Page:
You’ve Got To Have Heart

Thoroughbred blood is the not-so-secret sauce that helps Warmbloods live up to their sport horse status

Audrea Dyer has been marketing her Thoroughbred (and Makeover veteran) Saketini as a sport horse breeding stallion. courtesy Audrea Dyer

An old accounting maxim says, “You can have speed or accuracy, but not both.” In other areas the trade-off is usually power vs. speed. But increasingly, today’s competition arenas demand it all — a horse that’s powerful, agile, careful and performs with speed and style, with wow.

It’s no surprise that the sport horse market leans toward Warmbloods, particularly when it comes to dressage and show jumping. Their power and way of moving give them the edge in those competitions. But sport horse breeders recognize that when the demand is for an all-around horse who can cover ground, such as in eventing, the not-so-secret sauce they’re putting in the mix is the Thoroughbred.

The most obvious draw is the Thoroughbred stride. A horse built to cover ground naturally has a head start when courses require long gallops. But it’s not just the length or manner of the stride. Other factors are key in the Thoroughbred’s contribution to sport. Hear from three event riders and breeders what those factors are.

Gallop, Stamina, Fitness

Upper-level eventer Katie Ruppel, who is based in Ocala, Florida, believes Thoroughbred blood is a crucial component of an event horse. “Eventing is a unique sport that requires a radically varied skill set from both horse and rider,” she says. “In my opinion, the Thoroughbred will always be the base of most successful event horses. For me, this means that they are more than 50% (Thoroughbred).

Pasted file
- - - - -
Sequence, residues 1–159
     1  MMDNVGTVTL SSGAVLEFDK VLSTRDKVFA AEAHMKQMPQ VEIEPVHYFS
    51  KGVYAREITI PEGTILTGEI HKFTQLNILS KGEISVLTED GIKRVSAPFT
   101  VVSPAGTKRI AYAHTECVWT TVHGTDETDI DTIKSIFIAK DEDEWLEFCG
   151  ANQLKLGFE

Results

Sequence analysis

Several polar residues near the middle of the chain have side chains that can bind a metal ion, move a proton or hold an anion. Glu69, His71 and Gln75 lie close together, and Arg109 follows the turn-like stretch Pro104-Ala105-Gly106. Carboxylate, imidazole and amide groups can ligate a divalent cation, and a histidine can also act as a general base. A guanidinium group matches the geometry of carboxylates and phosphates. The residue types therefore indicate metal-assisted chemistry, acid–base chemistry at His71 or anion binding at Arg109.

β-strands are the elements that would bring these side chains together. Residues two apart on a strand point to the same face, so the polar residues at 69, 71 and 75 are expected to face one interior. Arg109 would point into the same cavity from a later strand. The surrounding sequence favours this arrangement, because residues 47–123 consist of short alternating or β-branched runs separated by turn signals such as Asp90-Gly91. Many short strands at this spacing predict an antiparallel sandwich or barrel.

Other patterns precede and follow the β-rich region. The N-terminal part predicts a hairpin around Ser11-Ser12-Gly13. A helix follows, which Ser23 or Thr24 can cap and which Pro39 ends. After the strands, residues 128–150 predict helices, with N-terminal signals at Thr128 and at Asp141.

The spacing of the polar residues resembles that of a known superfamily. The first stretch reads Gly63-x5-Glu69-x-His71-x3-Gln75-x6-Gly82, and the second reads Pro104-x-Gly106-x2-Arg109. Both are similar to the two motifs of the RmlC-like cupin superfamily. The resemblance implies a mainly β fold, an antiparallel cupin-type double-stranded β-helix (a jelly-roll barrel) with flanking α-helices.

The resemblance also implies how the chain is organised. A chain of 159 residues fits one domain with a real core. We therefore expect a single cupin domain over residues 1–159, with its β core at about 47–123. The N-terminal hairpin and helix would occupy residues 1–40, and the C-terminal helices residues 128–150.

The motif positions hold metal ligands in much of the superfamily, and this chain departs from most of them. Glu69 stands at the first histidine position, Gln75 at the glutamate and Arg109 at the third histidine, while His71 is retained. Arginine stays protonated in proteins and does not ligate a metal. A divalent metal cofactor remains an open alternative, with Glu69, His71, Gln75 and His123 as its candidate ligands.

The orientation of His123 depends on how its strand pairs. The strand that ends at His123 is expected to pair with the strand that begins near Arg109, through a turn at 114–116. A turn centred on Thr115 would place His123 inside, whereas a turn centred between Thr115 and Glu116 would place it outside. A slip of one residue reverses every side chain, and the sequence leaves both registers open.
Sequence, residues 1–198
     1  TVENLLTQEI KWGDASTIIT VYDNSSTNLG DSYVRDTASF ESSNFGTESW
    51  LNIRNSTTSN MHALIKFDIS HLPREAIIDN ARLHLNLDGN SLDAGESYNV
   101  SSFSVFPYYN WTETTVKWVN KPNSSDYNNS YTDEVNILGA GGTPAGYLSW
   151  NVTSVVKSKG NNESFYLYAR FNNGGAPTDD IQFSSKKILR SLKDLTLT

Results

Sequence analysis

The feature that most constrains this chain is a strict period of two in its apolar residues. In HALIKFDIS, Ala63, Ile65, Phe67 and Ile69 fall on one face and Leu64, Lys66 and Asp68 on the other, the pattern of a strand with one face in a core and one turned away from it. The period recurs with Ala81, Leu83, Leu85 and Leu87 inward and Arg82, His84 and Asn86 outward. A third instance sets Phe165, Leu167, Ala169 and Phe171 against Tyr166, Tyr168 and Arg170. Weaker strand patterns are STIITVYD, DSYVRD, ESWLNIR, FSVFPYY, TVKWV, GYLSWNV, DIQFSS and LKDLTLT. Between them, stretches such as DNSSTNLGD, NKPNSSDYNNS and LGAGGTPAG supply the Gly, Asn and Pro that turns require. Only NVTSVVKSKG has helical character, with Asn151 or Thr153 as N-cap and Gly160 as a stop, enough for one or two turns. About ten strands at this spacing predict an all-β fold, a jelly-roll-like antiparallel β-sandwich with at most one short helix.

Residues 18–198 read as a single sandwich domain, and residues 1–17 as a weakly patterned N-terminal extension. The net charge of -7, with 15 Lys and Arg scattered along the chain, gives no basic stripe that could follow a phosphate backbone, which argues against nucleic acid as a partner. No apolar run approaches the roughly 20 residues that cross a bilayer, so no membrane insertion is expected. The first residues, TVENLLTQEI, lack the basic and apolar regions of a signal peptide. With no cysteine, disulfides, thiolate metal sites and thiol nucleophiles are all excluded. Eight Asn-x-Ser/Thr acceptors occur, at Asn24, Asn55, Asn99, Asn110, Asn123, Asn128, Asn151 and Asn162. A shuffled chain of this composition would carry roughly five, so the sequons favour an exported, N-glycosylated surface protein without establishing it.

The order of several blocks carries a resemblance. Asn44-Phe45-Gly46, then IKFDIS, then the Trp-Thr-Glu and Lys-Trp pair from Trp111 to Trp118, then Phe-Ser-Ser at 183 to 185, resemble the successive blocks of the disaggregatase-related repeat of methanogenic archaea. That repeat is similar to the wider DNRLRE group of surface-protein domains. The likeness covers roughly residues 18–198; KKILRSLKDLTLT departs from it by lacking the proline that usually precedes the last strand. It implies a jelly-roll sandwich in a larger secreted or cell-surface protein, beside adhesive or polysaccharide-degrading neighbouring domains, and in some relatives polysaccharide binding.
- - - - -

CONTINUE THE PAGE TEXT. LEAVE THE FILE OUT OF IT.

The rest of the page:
“The cross-country phase requires stamina, endurance and also lightness across the ground, which comes from an economical galloping style,” she continues. “Even if a horse has perfect jumping technique, if it is too heavy or is too hard across the ground, it will wear itself out galloping. And on a big track such as (the Kentucky Three-Day), you will find yourself in a precarious situation come nine, 10 or 11 minutes,” into your ride.

Eventer and breeder Audrea Dyer, who splits her time between Ocala and Lexington, Kentucky, agrees. She restarted her Thoroughbred stallion Saketini (Bernardini — Mining My Business, Mining) off the track, finished 10th in Eventing at the 2016 Thoroughbred Makeover and has since competed him through Preliminary. “For eventing, you need the Thoroughbred gallop, stamina and fitness,” she says. “It’s hard to get the heavier horses fit enough for the big track. I’ve watched many European imports competing down here in Florida. The Warmbloods’ feet hit the ground really hard, and their breathing is noisy, compared to Thoroughbreds. We are talking fit horses ridden by top people who are not slack on fitness, but it’s still work for them.

“For cross-country,” she continues, “Thoroughbreds have an advantage in that they’re able to be fit with less pounding, fewer miles. So they might actually stay sounder in the long run because you’re not having to do as many trot sets to get the fitness on them.”

Talk with any advanced event rider, and they’ll tell you that on long, grueling courses, Thoroughbred stamina and try is an asset they don’t want to be without.

All-Important Work Ethic

Audrea Dyer says some breeders have chosen to pair their Warmblood mares with Saketini to give them a bit more engine. Xpress Foto, courtesy Audrea Dyer